It’s Time to Consider a Military Option on the Korean Peninsula

The conventional approach to Pyongyang guarantees future rogue regimes will seek to join the nuclear club

by Conrad Black | Updated 31 Aug 2017 at 7:00 AM

It has become a truism in the continuing North Korean crisis to say that there is no good military option, but in fact there is.

It is perfectly understandable that the U.S. administration would publicly acquiesce in this conventional wisdom. It warns Kim that there will be repercussions to his provocations, in order to build the record of having put him on notice without rattling his demented overconfidence of his invulnerability.

The reaction to Tuesday’s North Korean missile-firing directly over Japan has elicited the response of official indications that further weapons will be shot down by anti-missile defense systems the United States has deployed in Japan and South Korea. Both veteran Japanese prime minister Shinzo Abe and new South Korean president Moon Jae-in, who was elected on a platform of reconciliation with North Korea, are now in grateful lockstep with the United States in purposeful response.

President Donald Trump told Chinese president Xi Jinping in Palm Beach in April that if China did not join the U.S. in deterring and containing the North Korean regime, the U.S. would do so itself. Following Tuesday's new provocation, the Pentagon intimated that it was pre-positioning increased military-strike capabilities to the Far East, and the South Koreans engaged in live bombing exercises very close to the 38th Parallel, which divides the Korean Peninsula.

The fact is that if a carefully planned swarm attack of low-flying cruise missiles was launched against the North Korean artillery massed across the frontier, just 35 miles from the immense South Korean capital city, Seoul, as well as at all North Korean missile launchers, and research and missile storage facilities, it would denuclearize the North and eliminate its power of intimidation against the South.

It is not inconceivable that a few artillery rounds would hit the metropolis of Seoul, but if a general air alert were ordered at the same time as the attacks, casualties would be minimal and physical damage would not be 5 percent of what London and other British cities endured during World War II — not to mention enemy cities such as Berlin and Tokyo, whose centers were razed to rubble and ashes by the Allied air forces.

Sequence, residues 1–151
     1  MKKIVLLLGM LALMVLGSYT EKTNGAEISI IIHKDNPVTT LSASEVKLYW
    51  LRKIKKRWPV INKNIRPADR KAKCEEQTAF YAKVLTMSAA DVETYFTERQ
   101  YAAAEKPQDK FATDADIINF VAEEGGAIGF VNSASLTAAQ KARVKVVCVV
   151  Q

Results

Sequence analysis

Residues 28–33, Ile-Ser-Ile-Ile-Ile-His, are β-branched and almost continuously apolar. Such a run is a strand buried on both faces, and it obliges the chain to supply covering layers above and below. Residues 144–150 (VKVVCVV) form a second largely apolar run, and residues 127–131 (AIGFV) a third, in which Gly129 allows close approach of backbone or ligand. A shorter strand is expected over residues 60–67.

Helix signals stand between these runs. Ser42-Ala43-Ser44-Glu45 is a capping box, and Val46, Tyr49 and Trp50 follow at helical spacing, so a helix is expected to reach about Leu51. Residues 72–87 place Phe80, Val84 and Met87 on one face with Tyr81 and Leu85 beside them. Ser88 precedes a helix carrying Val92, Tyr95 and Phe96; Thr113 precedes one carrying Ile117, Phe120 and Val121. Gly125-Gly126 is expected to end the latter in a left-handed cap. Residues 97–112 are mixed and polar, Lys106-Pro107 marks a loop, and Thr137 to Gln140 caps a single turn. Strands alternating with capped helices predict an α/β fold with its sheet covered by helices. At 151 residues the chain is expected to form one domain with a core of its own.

As the attacks occurred, the U.S. could warn North Korea, directly and via China, that if any attack were launched against any American or allied sites, the North Korean regime would be obliterated, but that if there were no military response, the United States and its allies would not seek regime change in the North or the reunification of Korea.

It is inconceivable that, in these circumstances, the Chinese would not sternly counsel Pyongyang to stand down. China does not want a nuclear North Korea, or a reunited Korea, which would shortly become a second Japan in industrial and strategic terms, immediately adjacent to it.

While it is entirely appropriate that the American administration never refers to such a possibility of this option, for the reason stated above, it is indicative of the ineptitude of the national media and the defeatism and anti-Americanism (or at least anti-Trumpism) of the European and Canadian media, that such a possibility is never mentioned.

It is in this respect reminiscent of the Iran hostage crisis of 1979-1981, when 'America Held Hostage' became a popular nightly newscast, and the Western media generally expressed universal pessimism about the possibility of resolving the crisis. Someday we will know exactly what the incoming Reagan administration privately said to Iran that caused its government to release the hostages as Reagan was being inaugurated in Washington.

All the tired palaver about negotiating patiently with China about constraining North Korea is practically beside the point. It won't unmake North Korea as a nuclear military power. And it won't deter Iran from becoming one, now at the end of the 10-year life of the shabby agreement President Obama sponsored with that terrorism-supporting country.

Iran and North Korea have exposed the fraudulence of the non-proliferation regime, in which the existing nuclear powers made the spurious promise to pursue joint self-disarmament. The best that can be salvaged is a nuclear club from which psychopathically governed countries such as North Korea and Iran are excluded.

President Trump said on Tuesday that "All options are on the table." There is only one that will work, and it should be very seriously considered.

Conrad Black was the chairman of the London Daily Telegraph and many other newspapers for 15 years, is a financier, historian and biographer of Franklin D. Roosevelt and Richard Nixon, and comments widely. He is a member of the British House of Lords.

(photo credit, homepage images: Gilad Rom / iStock; photo credit, article image: Henrik Ishihara / iStock)

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